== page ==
Third — Electric Current. — Comprehensive agreements are involved. Southern Kraft Corporation’s contract with Arkansas Power Light Company is for a period of twenty years. There is a recital that the Power Company “. . . is at present operating a transmission system together with generating stations throughout the State of Arkansas, and especially in the towns of Camden and Pine Bluff.” There was a covenant by the Power Company to extend its transmission system to Camden, “. . . and to furnish and install [at Camden] necessary stepdown transformers, together with proper oil switch protection, to furnish the initial requirements of the Paper Company not to exceed 6,500 KW.” There was the right upon the part of the Paper Company to increase the demand during the first five years to 13,000 KW. Other rights as to use, quantity and price are set out.

The contract mentions that one of the principal sources from which the Power Company expected to supply

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energy was Louisiana Power Company at Sterlington, “. . . which power is made obtainable from gas obtained from the top gas strata in the Monroe Gas Field. The Power Company does not guarantee that this power will be obtainable throughout the life of the agreement.” In such event certain adjustments were to be made.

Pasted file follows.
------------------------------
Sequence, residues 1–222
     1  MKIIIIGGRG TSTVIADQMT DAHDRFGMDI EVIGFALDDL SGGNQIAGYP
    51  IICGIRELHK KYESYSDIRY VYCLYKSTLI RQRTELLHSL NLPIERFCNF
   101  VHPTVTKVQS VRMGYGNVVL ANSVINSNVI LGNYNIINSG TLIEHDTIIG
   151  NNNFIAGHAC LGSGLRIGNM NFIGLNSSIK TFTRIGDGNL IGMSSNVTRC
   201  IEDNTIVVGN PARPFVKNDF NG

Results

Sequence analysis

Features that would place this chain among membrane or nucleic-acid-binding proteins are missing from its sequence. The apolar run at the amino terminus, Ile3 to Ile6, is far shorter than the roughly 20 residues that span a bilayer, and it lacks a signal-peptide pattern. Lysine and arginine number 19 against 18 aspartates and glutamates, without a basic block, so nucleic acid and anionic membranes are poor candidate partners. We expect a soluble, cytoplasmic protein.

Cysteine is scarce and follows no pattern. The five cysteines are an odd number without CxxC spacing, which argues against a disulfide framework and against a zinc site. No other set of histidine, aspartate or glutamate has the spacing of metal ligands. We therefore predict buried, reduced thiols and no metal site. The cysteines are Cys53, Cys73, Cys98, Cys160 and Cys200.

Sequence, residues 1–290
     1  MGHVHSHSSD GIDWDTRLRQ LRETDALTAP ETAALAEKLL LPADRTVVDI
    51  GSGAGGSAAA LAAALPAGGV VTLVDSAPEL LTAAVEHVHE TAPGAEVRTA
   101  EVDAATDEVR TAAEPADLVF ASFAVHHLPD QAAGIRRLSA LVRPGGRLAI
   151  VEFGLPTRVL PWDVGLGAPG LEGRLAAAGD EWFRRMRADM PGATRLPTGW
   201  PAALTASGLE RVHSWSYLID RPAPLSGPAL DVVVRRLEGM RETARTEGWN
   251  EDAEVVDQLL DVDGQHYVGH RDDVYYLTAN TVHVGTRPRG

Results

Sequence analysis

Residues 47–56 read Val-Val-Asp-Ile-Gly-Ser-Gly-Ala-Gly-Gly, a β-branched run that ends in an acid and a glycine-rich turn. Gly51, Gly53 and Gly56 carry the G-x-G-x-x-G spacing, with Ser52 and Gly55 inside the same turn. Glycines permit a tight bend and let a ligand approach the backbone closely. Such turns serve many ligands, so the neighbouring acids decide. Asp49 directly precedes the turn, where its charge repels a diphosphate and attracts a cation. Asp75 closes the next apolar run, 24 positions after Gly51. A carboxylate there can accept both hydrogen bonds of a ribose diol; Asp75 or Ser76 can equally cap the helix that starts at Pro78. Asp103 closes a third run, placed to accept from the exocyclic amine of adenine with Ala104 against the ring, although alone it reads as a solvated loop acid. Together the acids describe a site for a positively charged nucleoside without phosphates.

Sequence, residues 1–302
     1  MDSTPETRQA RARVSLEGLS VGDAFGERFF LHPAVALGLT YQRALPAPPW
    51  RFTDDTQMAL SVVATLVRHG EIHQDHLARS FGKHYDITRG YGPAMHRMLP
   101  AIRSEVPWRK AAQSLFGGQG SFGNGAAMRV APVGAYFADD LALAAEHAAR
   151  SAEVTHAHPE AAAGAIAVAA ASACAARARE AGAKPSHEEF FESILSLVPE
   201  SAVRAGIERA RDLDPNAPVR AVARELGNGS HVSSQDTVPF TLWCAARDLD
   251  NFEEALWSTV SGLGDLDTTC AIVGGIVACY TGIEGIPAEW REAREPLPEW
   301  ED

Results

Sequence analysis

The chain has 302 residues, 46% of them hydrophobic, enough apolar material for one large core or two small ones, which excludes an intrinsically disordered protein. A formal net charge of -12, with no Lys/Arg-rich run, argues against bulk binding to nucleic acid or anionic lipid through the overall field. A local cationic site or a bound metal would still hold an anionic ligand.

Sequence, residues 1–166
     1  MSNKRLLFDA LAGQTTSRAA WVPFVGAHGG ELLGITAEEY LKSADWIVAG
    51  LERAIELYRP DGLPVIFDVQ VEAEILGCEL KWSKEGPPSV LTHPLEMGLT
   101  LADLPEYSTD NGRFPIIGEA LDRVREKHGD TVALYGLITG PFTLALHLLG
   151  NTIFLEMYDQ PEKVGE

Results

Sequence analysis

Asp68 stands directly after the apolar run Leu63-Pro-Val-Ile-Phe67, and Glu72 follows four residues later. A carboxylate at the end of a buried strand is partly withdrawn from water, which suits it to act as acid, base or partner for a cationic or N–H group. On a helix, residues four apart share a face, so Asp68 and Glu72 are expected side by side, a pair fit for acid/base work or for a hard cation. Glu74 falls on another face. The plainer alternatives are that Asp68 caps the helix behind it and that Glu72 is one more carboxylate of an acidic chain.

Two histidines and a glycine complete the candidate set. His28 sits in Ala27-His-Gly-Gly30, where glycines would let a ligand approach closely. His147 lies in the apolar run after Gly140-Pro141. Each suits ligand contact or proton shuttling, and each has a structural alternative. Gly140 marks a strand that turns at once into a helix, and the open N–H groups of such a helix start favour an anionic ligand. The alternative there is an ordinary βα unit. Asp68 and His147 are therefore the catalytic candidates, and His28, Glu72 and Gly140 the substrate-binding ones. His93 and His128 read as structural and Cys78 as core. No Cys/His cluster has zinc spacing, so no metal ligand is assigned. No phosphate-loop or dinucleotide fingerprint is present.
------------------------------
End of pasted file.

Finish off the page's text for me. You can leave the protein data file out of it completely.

Although much of the energy used by appellants comes from Louisiana, there is no method by which it can be shown than at any designated time an ascertained quantity passed in interstate commerce; nor is the contract one which contemplates that the supply shall be interstate and free from Arkansas taxing powers.

Crossett Lumber Company’s 1936 contract, like Southern Kraft Corporation’s agreement, recites that the Power Company “. . . is at present operating and maintaining an electric power transmission system in the vicinity of Crossett, from which it sells electric service to various industries and to the public generally.” It covered a period of ten years, and does not supersede an existing contract made June 12, 1935. Unlike Southern Kraft Corporation’s contract, there is no reference to a plan to obtain current from Louisiana.

Fourth — The Severance Tax. — It is not necessary to determine whether, if the Lumber Company, or if Southern Kraft Corporation, had owned land in Arkansas from which gas was taken for consumption by the landowner, a severance tax would be due. Section 4 of Act 118 of 1923 exempts forest products utilized by the owner which do not enter into commerce for profit. Miller Lumber Company v. Floyd, 169 Ark. 473, 275 S.W. 741.